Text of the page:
“Khaled Mattawa, an American poet of Libyan origin, explores various dynamic developments shaping American poetry as it is being practiced today. Arising from an incredibly diverse range personal backgrounds, lyric traditions, and even languages, American poetry is transforming into a truly international form. Mattawa, who also translates Arabic poetry into American English and American poetry into Arabic, explores the poetics and politics of cross-cultural exchange and literary translation that fostered such transformation. The essays in this collection also shed light on Mattawa’s development as a poet and provide numerous portraits of the poets who helped shaped his poetry.”
Khaled Mattawa is a renowned Libyan-American poet, in addition to being a prolific translator of Arabic poetry into English and scholar of Arabic literature. He is a member of the American Academy of Poets and was recently in the news for being named a recipient of the MacArthur “genius grant” fellowship. Mattawa has published four books of his poetry in English:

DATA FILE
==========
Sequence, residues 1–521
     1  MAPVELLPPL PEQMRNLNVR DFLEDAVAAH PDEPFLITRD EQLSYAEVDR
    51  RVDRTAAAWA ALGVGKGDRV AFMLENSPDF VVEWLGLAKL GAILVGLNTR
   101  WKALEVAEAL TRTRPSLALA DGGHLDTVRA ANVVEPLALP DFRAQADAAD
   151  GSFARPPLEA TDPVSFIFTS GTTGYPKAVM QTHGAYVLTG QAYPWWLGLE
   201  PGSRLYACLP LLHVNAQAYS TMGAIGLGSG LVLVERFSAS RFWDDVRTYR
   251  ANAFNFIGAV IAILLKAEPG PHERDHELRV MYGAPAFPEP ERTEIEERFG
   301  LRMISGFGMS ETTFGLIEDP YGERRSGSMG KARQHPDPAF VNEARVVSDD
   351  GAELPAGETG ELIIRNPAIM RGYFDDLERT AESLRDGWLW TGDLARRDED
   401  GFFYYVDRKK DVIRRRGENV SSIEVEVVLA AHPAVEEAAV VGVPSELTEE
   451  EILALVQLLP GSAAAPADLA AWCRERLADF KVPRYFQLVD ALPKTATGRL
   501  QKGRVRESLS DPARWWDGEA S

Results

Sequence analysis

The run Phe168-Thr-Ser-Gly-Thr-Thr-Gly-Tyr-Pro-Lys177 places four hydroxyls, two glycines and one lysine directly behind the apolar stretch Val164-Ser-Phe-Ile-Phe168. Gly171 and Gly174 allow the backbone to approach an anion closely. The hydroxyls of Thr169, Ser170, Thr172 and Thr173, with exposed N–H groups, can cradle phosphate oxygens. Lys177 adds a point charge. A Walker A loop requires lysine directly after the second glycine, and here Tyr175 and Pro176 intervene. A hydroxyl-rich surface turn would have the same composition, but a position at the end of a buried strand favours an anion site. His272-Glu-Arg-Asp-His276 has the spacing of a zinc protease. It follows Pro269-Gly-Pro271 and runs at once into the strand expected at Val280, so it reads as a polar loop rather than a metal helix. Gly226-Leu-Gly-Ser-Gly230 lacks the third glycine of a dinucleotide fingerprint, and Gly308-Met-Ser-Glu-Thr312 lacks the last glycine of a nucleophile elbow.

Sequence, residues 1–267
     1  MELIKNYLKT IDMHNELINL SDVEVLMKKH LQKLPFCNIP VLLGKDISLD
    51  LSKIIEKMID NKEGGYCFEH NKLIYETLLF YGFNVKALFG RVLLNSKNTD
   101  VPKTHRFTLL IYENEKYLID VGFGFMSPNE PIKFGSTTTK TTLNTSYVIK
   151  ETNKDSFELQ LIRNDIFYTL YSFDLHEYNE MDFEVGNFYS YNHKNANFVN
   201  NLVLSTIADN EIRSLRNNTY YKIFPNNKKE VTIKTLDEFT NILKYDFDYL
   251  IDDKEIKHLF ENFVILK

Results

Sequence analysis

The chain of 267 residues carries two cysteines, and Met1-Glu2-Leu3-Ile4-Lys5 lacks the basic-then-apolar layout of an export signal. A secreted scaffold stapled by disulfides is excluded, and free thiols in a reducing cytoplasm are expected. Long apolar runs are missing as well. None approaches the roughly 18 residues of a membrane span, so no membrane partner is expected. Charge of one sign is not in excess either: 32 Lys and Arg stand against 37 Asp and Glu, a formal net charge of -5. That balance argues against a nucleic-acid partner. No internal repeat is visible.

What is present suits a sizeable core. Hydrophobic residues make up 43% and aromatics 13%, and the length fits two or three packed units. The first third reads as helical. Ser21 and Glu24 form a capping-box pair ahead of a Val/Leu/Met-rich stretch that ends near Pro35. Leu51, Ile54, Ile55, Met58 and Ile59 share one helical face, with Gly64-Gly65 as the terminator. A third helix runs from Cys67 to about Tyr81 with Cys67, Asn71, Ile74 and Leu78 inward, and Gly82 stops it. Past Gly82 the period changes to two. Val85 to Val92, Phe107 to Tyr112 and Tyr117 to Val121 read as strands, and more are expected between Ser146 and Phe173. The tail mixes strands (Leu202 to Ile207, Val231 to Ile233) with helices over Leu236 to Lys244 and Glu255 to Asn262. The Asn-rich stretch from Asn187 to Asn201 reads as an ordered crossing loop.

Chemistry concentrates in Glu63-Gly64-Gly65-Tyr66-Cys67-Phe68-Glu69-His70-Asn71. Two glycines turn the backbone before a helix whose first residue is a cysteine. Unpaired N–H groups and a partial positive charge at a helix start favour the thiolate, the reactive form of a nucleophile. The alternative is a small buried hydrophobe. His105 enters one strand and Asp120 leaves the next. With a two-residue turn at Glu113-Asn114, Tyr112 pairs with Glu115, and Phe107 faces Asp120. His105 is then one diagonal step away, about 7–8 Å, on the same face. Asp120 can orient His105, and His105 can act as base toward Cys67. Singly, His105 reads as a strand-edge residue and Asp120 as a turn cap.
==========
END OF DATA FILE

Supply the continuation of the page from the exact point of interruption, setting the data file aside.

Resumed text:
The ‘national poet’ of Libya, Ahmad Rafig al-Mahdawi (احمد رفيق المهدوي), wrote a poem entitled أنا ساكت “I am silent” during the de-colonization of Libya and the struggle for nationhood. A few verses from it have been going around Libya social media, since they are as applicable to the situation today as they were sixty-odd years ago. Such is great poetry, I suppose. Here are the verses and my attempt at a somewhat literal translation:
قلبي يحدّثني بان ممثلا خلف الستائرللحقائق يمسخُ
اما الذي هو في الحقيقة واقع وطن يباع و امة تتفسّخُ
ماذا اقول و ما تراني قائلا انا ساكت لكن قلبي يصرخُ
ابكي على شعبٍ يسيّر امره متزعّمون و جاهلون و افرخُ
My heart tells me that behind the curtains, an actor distorts truths,
But the reality is this: a country is sold and a nation broken apart.
What is there to say? I am silent, but my heart cries out;
I weep for a people whom false leaders, the ignorant, and the bastards guide about.